"This ain't beanbag we're playing. These are big-time issues, this is life or death, this is the future of nations."
Robert Schwarz Strauss was born in Lockhart, Texas, south of Austin. When he was a year old, his family moved to the small town of Hamlin, north of Abilene, and later to the slightly larger nearby town of Stamford. Robert Strauss's father, who had immigrated to the United States from Germany as a young man, opened a small general store in Stamford. Although both of Strauss's parents were Jewish, in the small Texas towns where he was raised there were no synagogues, and he received no formal religious instruction. From an early age he was an outgoing, gregarious person, and his mother soon predicted that he would find a career in politics or diplomacy.
In his sophomore year at the University of Texas in Austin, Strauss campaigned for a state assembly candidate and was rewarded with a part-time job as a Committee Clerk in the state legislature. While still an undergraduate, he volunteered for Lyndon Johnson's first congressional campaign. In law school at the University of Texas, he met another student who would have a large impact on his career, John B. Connally. After completing his law degree, Strauss was hired as a special agent by the FBI, and served in the FBI throughout World War II. At the end of the war, he settled in Dallas, where he and a fellow FBI agent, Richard A. Gump, founded their own law firm. This firm, originally known as Gump and Strauss, would eventually grow into the international mega-firm Akin, Gump, Strauss, Hauer & Feld.
Still interested in a political career, Strauss initially sought to ingratiate himself with the Dallas business establishment but found himself shut out as an outsider. He and his wife, Helen, found a more comfortable niche participating in numerous charities and community activities, and Strauss became a prodigious fundraiser for the Democratic Party. By the 1950s, Strauss's law school friend, John Connally, was serving on the staff of Lyndon Johnson, who soon became Senate Majority Leader. Connally had hitched his wagon to Lyndon Johnson's star, and Strauss hitched his to Connally's.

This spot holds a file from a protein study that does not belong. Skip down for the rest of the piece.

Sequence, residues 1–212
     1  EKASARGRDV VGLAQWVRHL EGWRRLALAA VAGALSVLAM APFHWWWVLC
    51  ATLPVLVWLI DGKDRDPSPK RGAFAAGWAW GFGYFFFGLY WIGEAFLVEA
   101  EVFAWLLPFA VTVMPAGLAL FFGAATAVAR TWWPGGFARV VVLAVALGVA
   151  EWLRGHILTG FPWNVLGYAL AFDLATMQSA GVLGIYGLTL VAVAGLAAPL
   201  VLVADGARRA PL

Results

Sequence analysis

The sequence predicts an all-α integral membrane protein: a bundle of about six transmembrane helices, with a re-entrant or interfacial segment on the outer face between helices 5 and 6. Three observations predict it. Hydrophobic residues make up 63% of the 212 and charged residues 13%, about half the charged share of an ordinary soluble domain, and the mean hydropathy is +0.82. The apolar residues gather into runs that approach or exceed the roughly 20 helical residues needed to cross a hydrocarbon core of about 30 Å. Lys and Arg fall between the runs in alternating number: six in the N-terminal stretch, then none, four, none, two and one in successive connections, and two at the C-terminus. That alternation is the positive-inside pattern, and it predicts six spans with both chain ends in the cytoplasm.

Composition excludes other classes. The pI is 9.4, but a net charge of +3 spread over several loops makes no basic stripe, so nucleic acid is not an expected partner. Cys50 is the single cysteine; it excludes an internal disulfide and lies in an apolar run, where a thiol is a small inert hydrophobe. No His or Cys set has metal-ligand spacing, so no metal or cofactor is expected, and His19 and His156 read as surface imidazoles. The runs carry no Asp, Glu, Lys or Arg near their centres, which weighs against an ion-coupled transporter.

When John Kennedy and Lyndon Johnson were elected President and Vice President of the United States in 1960, Connally, a former naval officer, was appointed Secretary of the Navy. Within a year, at Strauss's urging, Connally returned to Texas to run for governor. At the time, the Republican Party had no significant presence in Texas, but Connally faced stiff opposition in the Democratic primary. Strauss's skill as a campaign adviser and fund-raiser was a crucial factor in Connally's narrow victory. Having secured the Democratic nomination, Connally easily won the general election. Connally's election finally brought Strauss the access to the Dallas business establishment he had long sought. Governor Connally appointed Strauss to the Texas Banking Commission, and Strauss's law firm grew and prospered.
More information on his incredible legacy can be found below:
The Academy of Achievement. (last revised on Dec 21, 2005 14:33 PDT). Robert S. Strauss Biography. Academy of Achievement. Retrieved September 22, 2011, from http://www.achievement.org/autodoc/page/str0bio-1